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Is it time to abandon annual performance reviews?

Frustrated man on laptop

(This is part#2 of a series on PEOPLE – see part#1 here)

Managers and leaders have to re-wire their organisations to evolve in order to satisfy these needs and still perform in a competitive and challenging environment. They need to constantly calibrate their purpose in an ever-changing global marketplace.

What is irrefutable, is that the current management practices are failing…and miserably.

A case in point is the annual performance management review – still in vogue today. Whilst even its usefulness as a compliance model for compensation, promotion or termination is questionable, there is little evidence to support its effectiveness in improving either performance or its management.

A major concern is the the year-long time frame gap to provide and receive feedback. It’s just too long! In the current work environment many staff would have entered and exited the organisation between the 12-month cycle.

How does either participant remember, collate and review a year’s work? Is it unreasonable to expect a meaningful discourse given the hour or two usually allocated for such reviews.

Another criticism is the retrospective nature of performance reviews. Looking in the rear-vision mirror on a year’s work can be unfair and arbitrary.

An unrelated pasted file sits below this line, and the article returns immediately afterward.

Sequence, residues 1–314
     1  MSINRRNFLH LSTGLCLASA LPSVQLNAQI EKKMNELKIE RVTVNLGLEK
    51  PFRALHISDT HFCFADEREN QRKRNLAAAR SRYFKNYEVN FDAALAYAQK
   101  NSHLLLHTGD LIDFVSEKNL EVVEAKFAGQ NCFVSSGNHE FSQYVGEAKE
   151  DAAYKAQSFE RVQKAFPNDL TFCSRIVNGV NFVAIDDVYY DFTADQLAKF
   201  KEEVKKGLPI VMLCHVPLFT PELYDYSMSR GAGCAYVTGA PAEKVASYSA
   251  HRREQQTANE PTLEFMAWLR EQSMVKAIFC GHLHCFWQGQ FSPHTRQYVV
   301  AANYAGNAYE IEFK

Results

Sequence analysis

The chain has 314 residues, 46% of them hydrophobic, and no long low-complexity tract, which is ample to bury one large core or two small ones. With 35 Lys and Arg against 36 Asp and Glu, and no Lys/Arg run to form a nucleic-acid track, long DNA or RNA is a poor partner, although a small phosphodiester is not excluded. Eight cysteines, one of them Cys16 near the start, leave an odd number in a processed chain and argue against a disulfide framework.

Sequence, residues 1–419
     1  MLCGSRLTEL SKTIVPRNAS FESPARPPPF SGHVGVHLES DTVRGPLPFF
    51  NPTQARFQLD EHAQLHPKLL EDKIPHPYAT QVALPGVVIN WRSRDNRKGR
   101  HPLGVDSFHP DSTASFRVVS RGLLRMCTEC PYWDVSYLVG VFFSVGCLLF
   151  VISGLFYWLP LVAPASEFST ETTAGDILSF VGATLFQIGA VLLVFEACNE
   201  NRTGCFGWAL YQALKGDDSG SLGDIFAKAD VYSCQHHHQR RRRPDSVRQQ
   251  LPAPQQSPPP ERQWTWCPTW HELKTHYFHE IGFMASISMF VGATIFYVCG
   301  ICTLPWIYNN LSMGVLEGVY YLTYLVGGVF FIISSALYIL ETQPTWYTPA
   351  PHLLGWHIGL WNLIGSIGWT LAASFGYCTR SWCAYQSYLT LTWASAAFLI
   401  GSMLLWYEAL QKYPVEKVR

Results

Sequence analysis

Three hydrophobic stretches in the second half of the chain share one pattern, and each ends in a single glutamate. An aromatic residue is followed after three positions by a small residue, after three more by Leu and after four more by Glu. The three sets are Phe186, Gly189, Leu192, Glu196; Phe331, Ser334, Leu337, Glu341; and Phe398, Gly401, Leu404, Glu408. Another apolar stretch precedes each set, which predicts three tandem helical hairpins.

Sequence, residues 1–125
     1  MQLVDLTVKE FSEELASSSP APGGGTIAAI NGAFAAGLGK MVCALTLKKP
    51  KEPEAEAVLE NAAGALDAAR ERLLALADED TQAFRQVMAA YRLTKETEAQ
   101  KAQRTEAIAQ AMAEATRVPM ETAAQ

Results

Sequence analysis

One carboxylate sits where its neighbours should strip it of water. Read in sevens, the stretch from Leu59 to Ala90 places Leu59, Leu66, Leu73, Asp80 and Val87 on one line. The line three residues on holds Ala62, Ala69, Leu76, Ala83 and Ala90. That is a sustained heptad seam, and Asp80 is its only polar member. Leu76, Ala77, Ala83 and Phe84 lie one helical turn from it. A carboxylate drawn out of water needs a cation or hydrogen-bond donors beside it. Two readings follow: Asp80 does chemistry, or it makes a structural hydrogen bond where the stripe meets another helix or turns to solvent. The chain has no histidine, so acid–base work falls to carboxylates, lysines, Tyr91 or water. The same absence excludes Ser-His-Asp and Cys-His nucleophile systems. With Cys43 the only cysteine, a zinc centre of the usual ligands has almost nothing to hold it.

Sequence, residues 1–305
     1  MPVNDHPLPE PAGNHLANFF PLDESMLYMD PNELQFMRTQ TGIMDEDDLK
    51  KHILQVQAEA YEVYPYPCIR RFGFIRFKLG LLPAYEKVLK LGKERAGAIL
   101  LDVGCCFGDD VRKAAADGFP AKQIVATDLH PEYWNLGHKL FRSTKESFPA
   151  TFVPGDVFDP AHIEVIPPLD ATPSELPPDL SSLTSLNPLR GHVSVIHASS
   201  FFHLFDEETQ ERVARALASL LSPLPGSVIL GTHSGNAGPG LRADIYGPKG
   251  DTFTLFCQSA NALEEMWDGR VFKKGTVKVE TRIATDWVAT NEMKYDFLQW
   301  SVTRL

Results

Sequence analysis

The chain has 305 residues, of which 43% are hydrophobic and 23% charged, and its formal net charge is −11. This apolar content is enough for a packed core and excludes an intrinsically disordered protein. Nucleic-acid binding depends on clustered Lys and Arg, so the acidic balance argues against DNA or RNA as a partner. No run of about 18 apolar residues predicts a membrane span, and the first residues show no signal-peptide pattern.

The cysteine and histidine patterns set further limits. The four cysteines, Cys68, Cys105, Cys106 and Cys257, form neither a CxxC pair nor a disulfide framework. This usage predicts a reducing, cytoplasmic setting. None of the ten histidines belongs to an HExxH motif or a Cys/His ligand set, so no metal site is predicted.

In reality, managers often tend to treat the process as an end-of-year drudgery conducted over a few days through a series of back-to-back interviews. Meeting fatigue is not unusual and conversations tend to skew towards the near-term and recent past.

All of this has resulted in the conventional performance review simply not working. According to OfficeVibe 53% find they do not motivate them to work harder and for 30% it actually decreases performance.

So what shall we do instead?

In our work to-date across various organisations, peak performance and engagement relies on four key practices:
1. Humanising the Employee – Understanding their personal context, their strengths, their weaknesses and their aspirations.
2. Rather than retrospection, looking forward using a Performance Plan where clear goals are set using a framework for efforts and results.
3. Regular meetings (at least monthly) to monitor performance against the Plan whilst allowing for agility to the changing environment.
4. Considering ones Engagement Factors (Reward, Recognition, Voice, Choice, Learning & Legacy) to correlate with their performance.

Photo: Unsplash.com

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